Abolitionist, merchant, and publisher. Correspondence, journals, and other papers reflecting Tappan's interests in abolition, African American education, religion, and his business ventures.

  6. Millard Fillmore papers, 1839-1925

    35 items. 1 container. 0.4 linear feet. -- Manuscript Division, Library of Congress, Washington, D.C.


    U.S. President, vice president, and representative, lawyer, and educator. Chiefly correspondence of Fillmore relating to slavery; the Compromise of 1850; the Fugitive Slave Law (1850), John Brown's Raid, 1859, Harpers Ferry, W. Va.; the Whig Party; and congressional politics. Includes several letters of and an obituary notice for Fillmore's daughter, Mary Abigail Fillmore, as well as a detailed index to volumes 1-44 of the Millard Fillmore papers in the Buffalo and Erie County Historical Society, Buffalo, N.Y.

  7. Blackwell family papers, 1759-1960

    29,200 items. 97 containers plus 1 oversize. 40.4 linear feet. 76 microfilm reels. -- Manuscript Division, Library of Congress, Washington, D.C.


    Family members include author and suffragist Alice Stone Blackwell (1857-1950); her parents, Henry Browne Blackwell (1825-1909) and Lucy Stone (1818-1893), abolitionists and advocates of women's rights; her aunt, Elizabeth Blackwell (1821-1910), the first woman to receive an academic medical degree; and Elizabeth Blackwell's adopted daughter, Kitty Barry Blackwell (1848-1936). Includes correspondence, diaries, articles, and speeches of these and other Blackwell family members.

  8. Scrap books compiled by Thompson and Chesson

    19 scrapbooks. Linear feet of shelf space occupied: 3. Approximate number of items: 2500 . -- Rare Book and Special Collections Division, Library of Congress, Washington, D.C.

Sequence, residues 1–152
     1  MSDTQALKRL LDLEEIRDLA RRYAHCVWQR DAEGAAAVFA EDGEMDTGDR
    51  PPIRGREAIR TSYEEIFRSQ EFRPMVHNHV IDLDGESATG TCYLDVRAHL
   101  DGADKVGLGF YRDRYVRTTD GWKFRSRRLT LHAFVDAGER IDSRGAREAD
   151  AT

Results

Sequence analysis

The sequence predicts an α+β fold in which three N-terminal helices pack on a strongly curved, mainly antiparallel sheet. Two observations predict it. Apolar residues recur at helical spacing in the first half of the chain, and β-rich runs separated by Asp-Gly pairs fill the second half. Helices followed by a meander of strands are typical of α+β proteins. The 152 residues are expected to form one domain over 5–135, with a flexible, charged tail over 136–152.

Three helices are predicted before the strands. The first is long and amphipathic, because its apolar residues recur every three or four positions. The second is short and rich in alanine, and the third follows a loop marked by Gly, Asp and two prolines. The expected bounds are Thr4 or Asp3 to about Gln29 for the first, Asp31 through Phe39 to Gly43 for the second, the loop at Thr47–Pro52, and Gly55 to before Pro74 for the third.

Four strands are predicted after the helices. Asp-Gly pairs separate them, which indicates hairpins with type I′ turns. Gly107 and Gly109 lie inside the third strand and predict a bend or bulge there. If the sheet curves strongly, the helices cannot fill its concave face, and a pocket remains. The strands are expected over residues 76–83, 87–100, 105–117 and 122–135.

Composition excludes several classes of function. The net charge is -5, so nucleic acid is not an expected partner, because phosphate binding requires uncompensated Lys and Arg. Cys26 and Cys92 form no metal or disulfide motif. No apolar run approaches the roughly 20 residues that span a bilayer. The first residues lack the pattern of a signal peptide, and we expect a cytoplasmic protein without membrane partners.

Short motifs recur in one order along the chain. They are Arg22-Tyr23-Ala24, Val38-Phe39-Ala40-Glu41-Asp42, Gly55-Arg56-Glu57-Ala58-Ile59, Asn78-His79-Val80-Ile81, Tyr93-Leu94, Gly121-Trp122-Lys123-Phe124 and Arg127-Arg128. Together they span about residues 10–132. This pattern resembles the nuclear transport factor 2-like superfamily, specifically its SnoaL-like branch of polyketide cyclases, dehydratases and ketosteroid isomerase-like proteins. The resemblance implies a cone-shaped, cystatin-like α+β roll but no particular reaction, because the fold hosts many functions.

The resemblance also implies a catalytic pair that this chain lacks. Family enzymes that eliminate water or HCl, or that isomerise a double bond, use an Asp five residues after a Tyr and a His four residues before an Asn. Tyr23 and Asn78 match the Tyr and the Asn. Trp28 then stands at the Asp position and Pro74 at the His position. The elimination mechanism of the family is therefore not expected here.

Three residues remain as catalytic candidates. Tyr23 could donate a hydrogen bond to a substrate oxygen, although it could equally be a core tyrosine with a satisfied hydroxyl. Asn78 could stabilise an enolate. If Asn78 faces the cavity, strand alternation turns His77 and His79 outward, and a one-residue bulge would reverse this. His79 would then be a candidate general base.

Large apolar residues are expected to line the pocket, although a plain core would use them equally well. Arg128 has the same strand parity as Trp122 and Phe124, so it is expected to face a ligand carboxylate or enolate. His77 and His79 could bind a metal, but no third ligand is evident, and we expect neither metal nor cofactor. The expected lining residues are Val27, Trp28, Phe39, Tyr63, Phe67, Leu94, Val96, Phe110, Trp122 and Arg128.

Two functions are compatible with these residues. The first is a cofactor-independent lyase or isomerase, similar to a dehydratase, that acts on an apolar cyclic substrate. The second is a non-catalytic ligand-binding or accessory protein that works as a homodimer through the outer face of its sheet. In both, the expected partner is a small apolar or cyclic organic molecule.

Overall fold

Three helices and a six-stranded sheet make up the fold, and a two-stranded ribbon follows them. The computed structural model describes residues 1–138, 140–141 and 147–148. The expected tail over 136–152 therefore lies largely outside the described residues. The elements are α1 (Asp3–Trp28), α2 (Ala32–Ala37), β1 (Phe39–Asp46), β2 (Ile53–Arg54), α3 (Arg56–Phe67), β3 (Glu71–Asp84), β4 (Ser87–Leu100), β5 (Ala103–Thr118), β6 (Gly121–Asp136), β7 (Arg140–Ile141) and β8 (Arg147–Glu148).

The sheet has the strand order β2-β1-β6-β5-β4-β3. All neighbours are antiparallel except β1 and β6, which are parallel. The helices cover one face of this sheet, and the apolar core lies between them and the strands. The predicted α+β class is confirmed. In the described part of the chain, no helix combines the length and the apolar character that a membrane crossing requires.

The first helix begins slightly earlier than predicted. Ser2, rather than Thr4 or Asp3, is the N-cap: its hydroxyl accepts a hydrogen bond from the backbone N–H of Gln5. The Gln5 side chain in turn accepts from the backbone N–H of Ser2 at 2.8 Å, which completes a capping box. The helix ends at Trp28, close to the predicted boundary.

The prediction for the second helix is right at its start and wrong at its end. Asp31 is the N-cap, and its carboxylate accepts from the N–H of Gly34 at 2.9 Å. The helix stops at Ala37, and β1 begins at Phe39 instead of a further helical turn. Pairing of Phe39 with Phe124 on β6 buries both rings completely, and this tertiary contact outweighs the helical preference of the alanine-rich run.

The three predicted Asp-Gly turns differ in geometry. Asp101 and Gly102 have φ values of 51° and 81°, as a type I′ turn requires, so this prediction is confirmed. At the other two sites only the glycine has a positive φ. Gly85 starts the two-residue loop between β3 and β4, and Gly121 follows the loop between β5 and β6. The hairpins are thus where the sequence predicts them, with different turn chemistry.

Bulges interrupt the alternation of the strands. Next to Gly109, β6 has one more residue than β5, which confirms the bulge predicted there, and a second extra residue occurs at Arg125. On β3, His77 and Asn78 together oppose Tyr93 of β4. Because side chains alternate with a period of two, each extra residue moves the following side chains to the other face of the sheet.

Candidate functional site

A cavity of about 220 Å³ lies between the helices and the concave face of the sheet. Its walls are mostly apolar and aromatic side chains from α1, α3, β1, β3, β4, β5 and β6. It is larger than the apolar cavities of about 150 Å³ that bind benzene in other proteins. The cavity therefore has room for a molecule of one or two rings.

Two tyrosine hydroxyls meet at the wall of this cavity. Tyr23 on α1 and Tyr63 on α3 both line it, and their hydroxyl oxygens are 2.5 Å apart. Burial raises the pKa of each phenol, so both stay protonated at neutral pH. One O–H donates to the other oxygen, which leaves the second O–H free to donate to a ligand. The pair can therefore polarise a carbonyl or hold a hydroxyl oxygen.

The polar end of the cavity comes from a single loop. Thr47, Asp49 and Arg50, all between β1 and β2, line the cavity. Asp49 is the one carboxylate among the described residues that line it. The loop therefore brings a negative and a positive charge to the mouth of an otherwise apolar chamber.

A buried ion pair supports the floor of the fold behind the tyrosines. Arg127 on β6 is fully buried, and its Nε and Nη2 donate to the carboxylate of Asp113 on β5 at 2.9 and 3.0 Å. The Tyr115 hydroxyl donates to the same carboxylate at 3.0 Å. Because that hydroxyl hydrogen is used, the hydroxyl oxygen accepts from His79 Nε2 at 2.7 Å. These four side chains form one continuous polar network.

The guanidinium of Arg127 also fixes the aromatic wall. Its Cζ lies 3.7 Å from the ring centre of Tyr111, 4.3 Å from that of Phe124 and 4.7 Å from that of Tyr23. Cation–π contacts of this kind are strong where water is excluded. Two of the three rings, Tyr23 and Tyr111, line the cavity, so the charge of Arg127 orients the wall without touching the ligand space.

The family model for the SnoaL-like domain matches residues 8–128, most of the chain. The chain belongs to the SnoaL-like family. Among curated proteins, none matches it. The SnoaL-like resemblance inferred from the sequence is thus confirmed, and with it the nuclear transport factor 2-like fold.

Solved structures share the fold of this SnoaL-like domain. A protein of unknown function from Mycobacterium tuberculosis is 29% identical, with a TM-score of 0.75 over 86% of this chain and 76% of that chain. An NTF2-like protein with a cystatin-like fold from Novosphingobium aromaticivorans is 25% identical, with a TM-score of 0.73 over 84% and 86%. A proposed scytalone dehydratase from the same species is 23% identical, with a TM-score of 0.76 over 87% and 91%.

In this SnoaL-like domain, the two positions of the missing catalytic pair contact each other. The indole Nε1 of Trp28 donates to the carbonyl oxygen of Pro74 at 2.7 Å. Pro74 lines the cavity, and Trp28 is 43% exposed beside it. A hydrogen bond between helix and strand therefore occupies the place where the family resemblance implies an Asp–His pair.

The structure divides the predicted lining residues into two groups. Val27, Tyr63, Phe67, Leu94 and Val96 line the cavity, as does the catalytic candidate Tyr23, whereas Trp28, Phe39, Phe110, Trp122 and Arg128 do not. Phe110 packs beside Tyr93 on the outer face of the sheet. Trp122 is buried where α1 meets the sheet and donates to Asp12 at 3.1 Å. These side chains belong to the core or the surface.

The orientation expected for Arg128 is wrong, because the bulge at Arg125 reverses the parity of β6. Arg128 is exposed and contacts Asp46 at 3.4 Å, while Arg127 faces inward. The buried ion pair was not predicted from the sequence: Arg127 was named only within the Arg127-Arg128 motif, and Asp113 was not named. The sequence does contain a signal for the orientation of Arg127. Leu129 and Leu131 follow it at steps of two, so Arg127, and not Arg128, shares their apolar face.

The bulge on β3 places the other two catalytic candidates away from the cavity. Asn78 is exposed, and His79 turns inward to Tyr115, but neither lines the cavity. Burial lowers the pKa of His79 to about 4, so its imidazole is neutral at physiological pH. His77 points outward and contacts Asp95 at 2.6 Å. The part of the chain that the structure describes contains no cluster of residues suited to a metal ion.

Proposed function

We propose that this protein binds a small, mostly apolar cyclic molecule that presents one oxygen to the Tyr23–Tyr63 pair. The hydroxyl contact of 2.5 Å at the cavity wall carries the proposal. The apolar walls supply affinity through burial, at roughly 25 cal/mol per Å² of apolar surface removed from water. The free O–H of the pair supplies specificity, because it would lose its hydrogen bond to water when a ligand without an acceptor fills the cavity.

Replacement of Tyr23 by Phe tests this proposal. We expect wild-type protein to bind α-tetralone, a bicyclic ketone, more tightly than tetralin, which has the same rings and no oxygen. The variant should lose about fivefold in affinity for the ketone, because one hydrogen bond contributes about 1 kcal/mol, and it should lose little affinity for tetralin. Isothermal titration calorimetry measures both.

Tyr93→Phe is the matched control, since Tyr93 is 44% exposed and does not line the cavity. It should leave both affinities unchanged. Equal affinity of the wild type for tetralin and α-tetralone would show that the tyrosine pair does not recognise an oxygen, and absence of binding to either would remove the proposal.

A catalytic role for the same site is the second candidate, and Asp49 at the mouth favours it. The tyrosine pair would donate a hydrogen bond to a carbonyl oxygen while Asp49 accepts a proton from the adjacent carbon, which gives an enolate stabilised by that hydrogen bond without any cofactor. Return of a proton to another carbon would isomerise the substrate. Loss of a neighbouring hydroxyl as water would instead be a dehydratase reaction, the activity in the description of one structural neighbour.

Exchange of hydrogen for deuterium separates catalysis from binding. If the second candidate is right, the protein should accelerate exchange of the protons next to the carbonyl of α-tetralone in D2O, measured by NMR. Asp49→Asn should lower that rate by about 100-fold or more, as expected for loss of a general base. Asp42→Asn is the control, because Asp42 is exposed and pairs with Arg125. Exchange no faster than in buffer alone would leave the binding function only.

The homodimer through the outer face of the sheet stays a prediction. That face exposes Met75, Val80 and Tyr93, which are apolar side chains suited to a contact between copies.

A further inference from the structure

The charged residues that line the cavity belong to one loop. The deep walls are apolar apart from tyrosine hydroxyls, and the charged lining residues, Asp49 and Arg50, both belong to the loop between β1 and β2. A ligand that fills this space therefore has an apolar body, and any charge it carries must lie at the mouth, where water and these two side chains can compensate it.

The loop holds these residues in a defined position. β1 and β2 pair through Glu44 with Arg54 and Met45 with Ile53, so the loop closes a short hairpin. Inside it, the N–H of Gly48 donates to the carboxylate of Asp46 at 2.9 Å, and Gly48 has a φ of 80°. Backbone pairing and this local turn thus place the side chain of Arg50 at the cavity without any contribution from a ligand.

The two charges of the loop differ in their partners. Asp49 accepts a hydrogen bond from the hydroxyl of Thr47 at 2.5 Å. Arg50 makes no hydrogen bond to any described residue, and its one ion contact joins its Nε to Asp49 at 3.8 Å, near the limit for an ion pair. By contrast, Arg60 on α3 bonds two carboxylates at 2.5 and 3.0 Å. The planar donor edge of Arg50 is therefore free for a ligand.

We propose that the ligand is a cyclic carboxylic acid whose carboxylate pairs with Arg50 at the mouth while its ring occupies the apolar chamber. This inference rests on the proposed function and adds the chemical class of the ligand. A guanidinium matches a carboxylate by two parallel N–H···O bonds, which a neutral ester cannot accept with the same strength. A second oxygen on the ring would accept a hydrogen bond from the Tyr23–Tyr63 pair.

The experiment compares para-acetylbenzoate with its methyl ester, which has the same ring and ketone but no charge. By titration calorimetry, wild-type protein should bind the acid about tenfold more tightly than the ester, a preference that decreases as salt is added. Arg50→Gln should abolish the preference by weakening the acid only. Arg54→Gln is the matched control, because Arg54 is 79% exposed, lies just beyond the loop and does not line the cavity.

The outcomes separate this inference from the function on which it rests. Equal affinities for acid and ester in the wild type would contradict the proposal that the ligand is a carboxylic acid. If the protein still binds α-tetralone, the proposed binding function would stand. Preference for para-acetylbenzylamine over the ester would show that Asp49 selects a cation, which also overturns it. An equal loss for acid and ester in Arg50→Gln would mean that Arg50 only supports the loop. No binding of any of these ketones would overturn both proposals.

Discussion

The collection comprises of 19 scrapbooks consisting of newspaper clippings from various sources documenting the activities of George D. Thompson and writings by F.W. Chesson. The volumes also include handwritten notes by Thompson, pamphlets and handbills, letters to the editor, newspaper reports, essays and book reviews written by Chesson. The first six volumes, (volumes 1-6 of the scrapbooks) were compiled between 1835-1846 by George Donisthorpe Thompson (1804-1878), British abolitionist, lecturer and antislavery activist. Thompson founded the Edinburgh Society for the Abolition of Slavery Throughout the World in 1833. He worked with William Lloyd Garrison, John Greenleaf Whittier and other members of the American Anti-Slavery Society and was instrumental in establishing early abolitionist societies in both the United Kingdom and the United States. In 1847, Thompson was elected as a Member of Parliament where he served until 1852. The collection also comprises of 13 volumes (volumes 7-19 of the scrapbooks) compiled between 1854-1886 by Frederick William Chesson (1833 or 1834-1888), English journalist, influential anti-slavery proponent and secretary of the London Aborigines’ Protection Society. In 1855, Chesson married Amelia Thompson, the daughter of George Thompson. Together in 1859, F.W. Chesson and George Thompson founded the London Emancipation Society. Call number: E449.S43